“Nones” Are Starting to Drive the Electoral Bus… The Beginning of the End of the Religious Right?

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There has been a lot of talk about the demographics of Obama’s Election Day win. He won just about every demographic group except WASP men and old people, and he won fairly decisively. Of course, this reality doesn’t bode will for the Republican Party’s future. because whites are becoming less of a majority. We won't become a minority until 2042, but let's face it; the white advantage won't end magically when we go below 50%. Long before then, the numbers will slowly dwindle, making dependence on white people alone a fool’s errand for Republicans.

But there is another, less-talked-about group that helped lead President Obama to victory, and it should have Republicans shaking in their boots. They’re called “Nones,” and their numbers are growing by leaps and bounds. 

Nones have been a staple demographic among sociologsts since the term was coined, apparently in the late 1960s. An early mention of this term was made in: Glenn M. Vernon, "The Religious 'Nones': A Neglected Category," Journal For the Scientific Study of Religion, 7:2 (1968). The term refers to people with no religious affiliation.  Of course that group includes atheists and agnostics, but it also includes a lot of people who claim spiritual beliefs, including belief in a deity.

Over the past decade or so, the Pew Forum on Religion and Public Life, in its annual study, has documented the rise of the None population, as well as a rise in their influence in society, including our politics. Their latest report estimates that nearly one-third of all people who believe in a deity or who consider themselves spiritual have no religious affiliation. Nones now make up 20% of the national electorate. (Source: “’Nones’ on the Rise: One-in-Five Adults Have No Religious Affiliation,” Pew Forum on Religion and Public Life, October 9, 2012)

Republicans had better pay attention, because None ties to the Democratic Party are as strong as the evangelicals’ ties to the GOP. They tend to be a very young, and they lose their taste for religion because of what they see as the traditional intolerance of many religious groups for anything “different.” They tend to know people of color and gay people, and don’t see them as different from themselves to any great degree, so they are a bit intolerant of the intolerance they see from the religions they grew up in. They tend to be socially liberal, and “small-l” libertarian. Because of this, they tend to be in favor of Obamacare, because they believe everyone should have the right to health care, and they also tend to believe that we should be taking care of people, and worrying less about how much they pay in taxes than what those taxes buy.  They actually see social welfare programs in a positive light, because they believe we should take care of each other, without the "(often phony) "Biblical teachings" trappings. 

In other words, they are something like the anti-evangelicals. And did I mention, their numbers are growing?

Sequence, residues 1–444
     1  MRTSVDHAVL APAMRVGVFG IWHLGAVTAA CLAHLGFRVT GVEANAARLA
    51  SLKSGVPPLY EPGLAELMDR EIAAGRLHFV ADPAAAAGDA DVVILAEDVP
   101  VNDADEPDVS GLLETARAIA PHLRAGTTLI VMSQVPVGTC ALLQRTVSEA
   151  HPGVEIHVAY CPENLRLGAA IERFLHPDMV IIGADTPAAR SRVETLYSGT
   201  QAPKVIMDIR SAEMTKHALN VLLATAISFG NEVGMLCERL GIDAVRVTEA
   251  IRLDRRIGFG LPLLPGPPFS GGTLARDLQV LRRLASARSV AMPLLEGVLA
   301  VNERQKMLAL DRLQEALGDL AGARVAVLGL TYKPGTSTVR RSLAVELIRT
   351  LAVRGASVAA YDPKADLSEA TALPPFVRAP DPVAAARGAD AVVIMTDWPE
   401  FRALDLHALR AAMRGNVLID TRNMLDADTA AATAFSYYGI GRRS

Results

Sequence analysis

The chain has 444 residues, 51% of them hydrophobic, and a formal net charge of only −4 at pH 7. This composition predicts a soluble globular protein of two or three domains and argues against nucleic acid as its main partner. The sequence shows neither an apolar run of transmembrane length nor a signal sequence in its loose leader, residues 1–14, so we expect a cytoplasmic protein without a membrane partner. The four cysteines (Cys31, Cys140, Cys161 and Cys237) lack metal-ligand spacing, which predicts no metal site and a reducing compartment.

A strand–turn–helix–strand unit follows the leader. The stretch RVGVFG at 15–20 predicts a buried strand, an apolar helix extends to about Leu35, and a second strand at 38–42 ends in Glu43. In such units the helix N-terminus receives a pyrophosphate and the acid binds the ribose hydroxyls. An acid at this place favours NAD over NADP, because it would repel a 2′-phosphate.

Nones were out in full force this past Election Day, and they were overwhelmingly in favor of Obama.  In Iowa, for example, Protestants and Catholics favored Romney in the final pre-election polls, but Obama still led the state by five points,even though those two groups represented 88% of the electorate. The reason was the Nones, who favored Obama by a whopping fifty-two points.  In Ohio, the “Nones” made up 12% of voters, but favored Obama by a whopping 47 points. In Virginia and Florida, Nones represented 10% and 15% of voters, respectively, but they gave Obama 76% and 72% of their votes. Nationally, Obama lost protestants by 15 points and won Catholics by two points, but he got 70% of the Nones' vote, so it almost didn't matter.   (Source)

This is huge. This is our future. People are tiring of hardcore religious doctrine that dictates the way and realizing that belief in God doesn’t require an adherence to a specific doctrine or set of rituals.  But more importantly, Nones are rejecting the concept that politics and religion are intertwined, and they're actively working against that concept.  Again; these folks are not hardcore atheists; most believe in God.  Young people are tiring of being told how to think, act and vote by their religious leaders, and are learning to think about what’s right on their own.

Separation of church and state was written into our Constitution for a reason, and it looks as though, after a generation in which we forgot its meaning, people are finally learning how important it is to keep church and government separate, and the perils of mixing the two. 

The “Nones” are at the cutting edge of our post-Religious Right world, and their numbers will continue to grow. This growth means two things; the Republican Party’s very existence will be in increased danger the longer they depend on extremist religious views to guide their policy. It also means the Democratic Party is probably on a permanent upswing. If we progressives want a progressive country, we’ll take advantage of this major advantage.

The religious right is losing its advantage. Let's make the best of it. 

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  1. I guess what I meant was that you can’t really reach out to these people in the way that Republican candidates reach out to evangelical Christians by using certain code phrases. Or maybe you can. The code phrases in this case would be phrases like “science,” “education,” “reality” and similar radical ideas.

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